BIOC51H3 Chapter Notes - Chapter 10: Phylogenetic Tree, Synapomorphy

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Chapter 10
10.4 - The comparative method
-The comparative method seeks to evaluate hypotheses by testing for patterns across species,
such as correlations among traits, or correlations between traits and features of the
environment.
-pattern shows as a bat species evolved larger roosting group sizes than its species -> also
evolved larger testes for body size
Chapter 4
-phylogeny: evolutionary history of a group of species
-phylogenetic tree: graphical summary of this history
4.1 - The Logic of Phylogeny Inference
-the most closesly related taxa should have the most traits in common
-synapomorphy: homologous trait that is shared amongst certain species and is similar b/c it was
modified in a common ancestor
-shared, derived trait
-monophyletic groups are comprised of an ancestor and all of its descendents
-e.g. all living organisms (shared genetic code)
-bacteria + mammals = same monophyletic group, but each have synapomorphies that
identify them as distinct monophyletic groups
-all synapomorphies are homologous traits, but not all homologous traits are synapomorphies
(can be identified @ all taxa levels)
-1. speciation: when 2 population become genetrically isolated (gene flow reduced, absent)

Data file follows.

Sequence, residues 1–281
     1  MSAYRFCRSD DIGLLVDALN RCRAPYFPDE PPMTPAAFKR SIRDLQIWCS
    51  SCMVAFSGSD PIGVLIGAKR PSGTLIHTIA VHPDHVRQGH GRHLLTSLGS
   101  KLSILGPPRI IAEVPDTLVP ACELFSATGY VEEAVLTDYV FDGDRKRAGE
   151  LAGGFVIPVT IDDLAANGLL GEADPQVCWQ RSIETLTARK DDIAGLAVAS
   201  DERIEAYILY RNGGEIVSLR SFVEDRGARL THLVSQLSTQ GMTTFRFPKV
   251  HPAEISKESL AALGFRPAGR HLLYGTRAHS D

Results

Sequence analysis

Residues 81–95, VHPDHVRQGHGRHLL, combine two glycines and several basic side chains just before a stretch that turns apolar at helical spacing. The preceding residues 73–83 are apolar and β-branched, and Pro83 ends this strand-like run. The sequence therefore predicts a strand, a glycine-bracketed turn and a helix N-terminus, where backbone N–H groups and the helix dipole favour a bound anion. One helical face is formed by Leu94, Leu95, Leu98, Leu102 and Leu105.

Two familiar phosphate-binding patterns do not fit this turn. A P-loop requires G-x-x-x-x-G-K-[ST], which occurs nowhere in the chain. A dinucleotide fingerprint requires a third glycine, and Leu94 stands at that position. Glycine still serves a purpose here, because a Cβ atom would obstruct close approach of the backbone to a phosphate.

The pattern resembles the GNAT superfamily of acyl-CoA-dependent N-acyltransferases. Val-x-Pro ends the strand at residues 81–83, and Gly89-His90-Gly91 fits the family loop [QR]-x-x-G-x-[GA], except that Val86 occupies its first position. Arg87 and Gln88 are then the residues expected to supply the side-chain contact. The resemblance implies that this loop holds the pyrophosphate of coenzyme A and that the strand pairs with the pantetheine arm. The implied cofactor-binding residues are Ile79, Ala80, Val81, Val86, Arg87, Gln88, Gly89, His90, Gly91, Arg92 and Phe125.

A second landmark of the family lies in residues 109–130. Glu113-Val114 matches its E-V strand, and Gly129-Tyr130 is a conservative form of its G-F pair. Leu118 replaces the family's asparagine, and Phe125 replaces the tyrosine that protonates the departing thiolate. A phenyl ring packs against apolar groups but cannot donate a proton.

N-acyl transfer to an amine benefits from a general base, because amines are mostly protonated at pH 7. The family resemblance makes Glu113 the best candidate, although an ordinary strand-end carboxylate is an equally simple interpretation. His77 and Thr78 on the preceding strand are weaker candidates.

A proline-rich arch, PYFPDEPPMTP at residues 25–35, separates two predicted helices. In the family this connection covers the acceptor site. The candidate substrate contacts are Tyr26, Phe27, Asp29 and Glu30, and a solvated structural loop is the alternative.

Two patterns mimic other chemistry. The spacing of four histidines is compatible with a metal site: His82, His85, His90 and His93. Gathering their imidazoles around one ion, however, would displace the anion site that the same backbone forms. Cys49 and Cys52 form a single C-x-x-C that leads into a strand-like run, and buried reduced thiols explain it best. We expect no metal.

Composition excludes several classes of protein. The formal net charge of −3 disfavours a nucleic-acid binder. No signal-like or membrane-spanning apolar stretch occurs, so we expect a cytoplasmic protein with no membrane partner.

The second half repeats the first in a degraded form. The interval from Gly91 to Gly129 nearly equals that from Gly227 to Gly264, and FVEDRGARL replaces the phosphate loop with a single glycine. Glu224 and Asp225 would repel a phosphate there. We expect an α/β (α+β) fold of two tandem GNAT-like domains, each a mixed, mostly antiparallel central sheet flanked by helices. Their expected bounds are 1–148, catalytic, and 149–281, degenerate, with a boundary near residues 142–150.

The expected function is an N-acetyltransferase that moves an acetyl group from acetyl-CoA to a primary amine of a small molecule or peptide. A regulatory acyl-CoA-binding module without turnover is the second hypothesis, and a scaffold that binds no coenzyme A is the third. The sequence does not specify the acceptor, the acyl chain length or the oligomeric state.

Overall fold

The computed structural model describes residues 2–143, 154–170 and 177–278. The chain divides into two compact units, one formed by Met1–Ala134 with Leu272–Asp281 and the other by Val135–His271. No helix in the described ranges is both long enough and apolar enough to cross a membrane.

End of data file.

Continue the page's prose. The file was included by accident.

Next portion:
separation occurs, species begin evolving independently
-2. each branching event adds 1+ derived trait
-not all similar traits are homologous
-morphological similarities evolve independently in different lineages due to convergent
evolution: natural selection favours similar structures as solution similar to similar
environmental problems
-these similar traits are not homologous and dont qualify as synapomorphies (e.g. wings of
bats + birds, streamline shape of shark and whales..)
-reversals could happen @ molecular level for DNA (if so, the resultant similar traits are not
homologous and so does not qualify as synapomorphies)
-reversals and convergence = homoplasy (similarities NOT due to homology)
-To distinguish between homology and homoplasy is to analyze many traits in reconstructing
evolutionary relationships
-parsimony: a way to indentify which branching pattern minimizes the effects of homoplasy +
accurately reflect actual evolutionary history.
-prefer simple over complex.
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Document Summary

The comparative method seeks to evaluate hypotheses by testing for patterns across species, such as correlations among traits, or correlations between traits and features of the environment. Pattern shows as a bat species evolved larger roosting group sizes than its species -> also evolved larger testes for body size. Phylogeny: evolutionary history of a group of species. Phylogenetic tree: graphical summary of this history. The most closesly related taxa should have the most traits in common. Synapomorphy: homologous trait that is shared amongst certain species and is similar b/c it was modi ed in a common ancestor. Monophyletic groups are comprised of an ancestor and all of its descendents. E. g. all living organisms (shared genetic code) Bacteria + mammals = same monophyletic group, but each have synapomorphies that identify them as distinct monophyletic groups. All synapomorphies are homologous traits, but not all homologous traits are synapomorphies (can be identi ed @ all taxa levels)

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